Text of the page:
Do you ever go on a date with a guy, everything goes swimmingly, and then you get the idea that you’ve been passed over for someone possibly dumber, prettier and/or more accommodating?
Check out this question from a reader:
I’ve been single for nearly two years now. I’m 32, so this feels like a big deal, especially as I am also losing all my friends because they are becoming couply and can’t relate to single people any more. I joined OKCupid and have been on maybe 30 dates, but it never works out. A lot of the guys I seem to attract are under-confident, overweight computer game geeks who come across okay in writing but in person want to treat me to monologues on Game of Thrones and so I’m fine with not seeing them again, but I do occasionally meet what seem to be genuinely nice, interesting men. And the result is always the same. We meet a few times, they seem keen, they tell me what a great time they had – and then they go on to inform me that they’ve met a “nice, pretty” girl online who they can “relax and talk nonsense with”, but still want to be my friend. Seriously, I’ve heard that line so many times I’m starting to wonder what film it comes from and while it’s kind of flattering to be asked to be someone’s friend, it’s also kind of frustrating when you met them on a dating site and you know both of you are looking for more. And having been that girl who would meet someone and talk nonsense and sleep with them the next day, I can say from experience that approach also didn’t lead to lasting, meaningful relationships.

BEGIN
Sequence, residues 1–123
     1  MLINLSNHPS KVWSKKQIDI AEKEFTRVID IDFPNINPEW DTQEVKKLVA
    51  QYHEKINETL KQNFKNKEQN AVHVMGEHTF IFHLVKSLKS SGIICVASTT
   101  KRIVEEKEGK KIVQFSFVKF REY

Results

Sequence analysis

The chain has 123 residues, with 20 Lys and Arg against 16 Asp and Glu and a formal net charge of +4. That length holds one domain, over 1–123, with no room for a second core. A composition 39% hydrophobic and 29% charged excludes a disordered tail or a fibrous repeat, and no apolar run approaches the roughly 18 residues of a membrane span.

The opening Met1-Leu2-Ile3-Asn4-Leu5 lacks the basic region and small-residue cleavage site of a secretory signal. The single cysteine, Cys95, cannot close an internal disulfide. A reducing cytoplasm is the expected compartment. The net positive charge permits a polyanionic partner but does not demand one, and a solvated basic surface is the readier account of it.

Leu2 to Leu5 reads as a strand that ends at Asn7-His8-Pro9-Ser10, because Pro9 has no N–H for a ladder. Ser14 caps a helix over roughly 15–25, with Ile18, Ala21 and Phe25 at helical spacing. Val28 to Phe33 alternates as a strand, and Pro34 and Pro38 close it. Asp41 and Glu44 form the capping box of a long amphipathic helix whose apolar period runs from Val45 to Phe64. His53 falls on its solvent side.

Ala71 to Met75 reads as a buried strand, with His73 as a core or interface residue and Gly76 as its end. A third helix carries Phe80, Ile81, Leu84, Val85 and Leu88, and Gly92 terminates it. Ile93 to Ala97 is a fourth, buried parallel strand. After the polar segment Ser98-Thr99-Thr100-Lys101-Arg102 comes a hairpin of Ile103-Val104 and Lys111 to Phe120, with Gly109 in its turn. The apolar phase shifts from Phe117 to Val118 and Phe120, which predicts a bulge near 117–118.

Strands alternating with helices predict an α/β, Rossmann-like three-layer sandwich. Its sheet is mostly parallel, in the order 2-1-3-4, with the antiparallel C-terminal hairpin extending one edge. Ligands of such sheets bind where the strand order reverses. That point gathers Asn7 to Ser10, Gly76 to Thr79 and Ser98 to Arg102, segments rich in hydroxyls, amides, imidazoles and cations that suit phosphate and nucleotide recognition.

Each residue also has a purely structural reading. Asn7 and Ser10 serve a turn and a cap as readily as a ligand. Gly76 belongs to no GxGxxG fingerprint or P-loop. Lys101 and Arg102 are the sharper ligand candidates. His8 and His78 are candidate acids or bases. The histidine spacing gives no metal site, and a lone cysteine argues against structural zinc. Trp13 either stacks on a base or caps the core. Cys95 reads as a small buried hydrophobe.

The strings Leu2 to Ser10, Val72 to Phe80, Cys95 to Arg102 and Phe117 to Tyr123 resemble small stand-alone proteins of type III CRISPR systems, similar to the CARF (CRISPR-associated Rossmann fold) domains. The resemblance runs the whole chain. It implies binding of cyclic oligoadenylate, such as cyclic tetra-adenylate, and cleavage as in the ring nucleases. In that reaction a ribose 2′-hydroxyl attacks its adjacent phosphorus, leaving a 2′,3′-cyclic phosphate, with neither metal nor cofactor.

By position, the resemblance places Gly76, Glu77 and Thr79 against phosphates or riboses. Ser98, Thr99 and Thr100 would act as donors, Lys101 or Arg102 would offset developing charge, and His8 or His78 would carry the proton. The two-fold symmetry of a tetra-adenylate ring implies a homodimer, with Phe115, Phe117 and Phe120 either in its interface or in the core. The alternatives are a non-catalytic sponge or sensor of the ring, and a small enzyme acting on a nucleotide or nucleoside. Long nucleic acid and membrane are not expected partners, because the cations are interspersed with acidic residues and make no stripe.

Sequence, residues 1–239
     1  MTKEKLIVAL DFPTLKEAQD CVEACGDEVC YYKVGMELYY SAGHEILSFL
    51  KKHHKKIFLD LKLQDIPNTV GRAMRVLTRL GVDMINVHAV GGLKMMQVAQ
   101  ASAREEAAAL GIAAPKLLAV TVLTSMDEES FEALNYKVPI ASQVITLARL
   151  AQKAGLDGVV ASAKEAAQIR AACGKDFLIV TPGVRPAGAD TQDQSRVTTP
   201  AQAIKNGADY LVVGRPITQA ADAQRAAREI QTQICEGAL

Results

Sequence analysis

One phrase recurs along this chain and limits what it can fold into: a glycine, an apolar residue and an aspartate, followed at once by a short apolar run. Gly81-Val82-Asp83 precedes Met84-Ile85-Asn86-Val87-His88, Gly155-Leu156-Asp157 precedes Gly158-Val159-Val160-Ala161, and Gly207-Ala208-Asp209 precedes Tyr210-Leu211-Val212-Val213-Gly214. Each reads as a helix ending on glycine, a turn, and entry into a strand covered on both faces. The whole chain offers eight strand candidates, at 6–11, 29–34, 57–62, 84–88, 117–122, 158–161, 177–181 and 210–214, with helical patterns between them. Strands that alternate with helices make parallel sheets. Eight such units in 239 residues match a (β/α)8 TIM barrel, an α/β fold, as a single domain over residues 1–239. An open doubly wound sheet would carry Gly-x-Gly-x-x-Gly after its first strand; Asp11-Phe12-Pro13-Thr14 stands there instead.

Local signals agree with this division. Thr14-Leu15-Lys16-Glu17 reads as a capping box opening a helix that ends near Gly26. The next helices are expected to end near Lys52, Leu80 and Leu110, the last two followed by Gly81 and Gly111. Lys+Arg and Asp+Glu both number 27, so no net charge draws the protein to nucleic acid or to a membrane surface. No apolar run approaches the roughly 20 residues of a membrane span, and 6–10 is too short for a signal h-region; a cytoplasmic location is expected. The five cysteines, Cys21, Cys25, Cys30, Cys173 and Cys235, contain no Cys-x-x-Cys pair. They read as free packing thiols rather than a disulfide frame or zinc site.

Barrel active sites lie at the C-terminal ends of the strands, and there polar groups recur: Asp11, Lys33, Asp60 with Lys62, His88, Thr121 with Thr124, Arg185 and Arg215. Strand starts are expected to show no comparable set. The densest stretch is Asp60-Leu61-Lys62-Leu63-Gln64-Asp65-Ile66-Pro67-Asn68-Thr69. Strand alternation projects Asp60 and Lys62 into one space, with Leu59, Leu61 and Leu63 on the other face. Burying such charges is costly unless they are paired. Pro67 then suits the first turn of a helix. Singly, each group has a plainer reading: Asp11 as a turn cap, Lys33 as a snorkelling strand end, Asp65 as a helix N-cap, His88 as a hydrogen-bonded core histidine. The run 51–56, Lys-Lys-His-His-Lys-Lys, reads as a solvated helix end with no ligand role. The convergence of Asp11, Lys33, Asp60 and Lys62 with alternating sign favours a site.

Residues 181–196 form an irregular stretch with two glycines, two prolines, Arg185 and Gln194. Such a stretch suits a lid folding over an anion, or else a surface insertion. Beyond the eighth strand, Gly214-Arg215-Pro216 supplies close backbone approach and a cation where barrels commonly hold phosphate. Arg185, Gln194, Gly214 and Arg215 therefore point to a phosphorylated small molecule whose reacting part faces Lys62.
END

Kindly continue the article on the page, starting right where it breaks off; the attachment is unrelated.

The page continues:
People keep suggesting that I should pretend to be less awesome than I really am (honestly, I think I am pretty awesome. I even have a mint-green dress with walruses on it) and refrain from talking about subjects that guys find interesting in order to avoid being intimidating, but I really don’t feel comfortable with that – in fact, I feel offended that people would think that was something I would have to do as a woman. Haven’t we moved on from such outdated views of what constitutes femininity? Shouldn’t we be focusing our efforts on getting education for girls in developing countries and stopping things like child brides and genital mutilation? So, while I’m pretty sure the problem is with these pathetic cads and not with me, it I also feel like I’ve reached some kind of threshold of rejection where I am getting a little concerned that I’ve lost my magic woman powers of attraction, or something!
What would you suggest for an introvert who is burned out from investing in meeting new people over and over and is getting increasingly frustrated with it never going anywhere? How can I weed out these time-wasters who are clearly only interested in getting laid, but are also clever enough to not be upfront about that?
Yikes! Dating can be truly frustrating, but for an introvert, it can be soul-sucking.
I sometimes have to explain to friends and boyfriends just how introversion works. Meeting new people isn’t inherently life-enhancing. Even if the people turn out to be awesome, I still feel like I’ve just donated blood, slipped back into the line, and donated blood again.
If I was trying to meet someone to date or work with and it turns out that the person was pretty cool but isn’t going to work out as a boyfriend or business partner, I kind of feel like I just ran a marathon to support the wrong charity.
So, we have to prequalify. But before we get to that…
On the topic of guy friends
I’m not a dating expert so much as someone who writes a lot of advice about standing up for yourself and getting the things that you want. I probably can’t tell you how to attract men in the first place, but I have a lot to say about conducting yourself once you’re in demand. (See Bullish: Picking a Boyfriend Who Doesn’t Hold Back Your Career or Bank Account.)
The idea that you keep dating all these guys who want to stay friends reminded me of something. A few weeks ago at a small networking gathering (see Bullish: The Nerdy, Reflective Person’s Guide to Networking), I met Rebecca Wiegand, co-author of The Gaggle: How the Guys You Know Will Help You Find the Love You Want.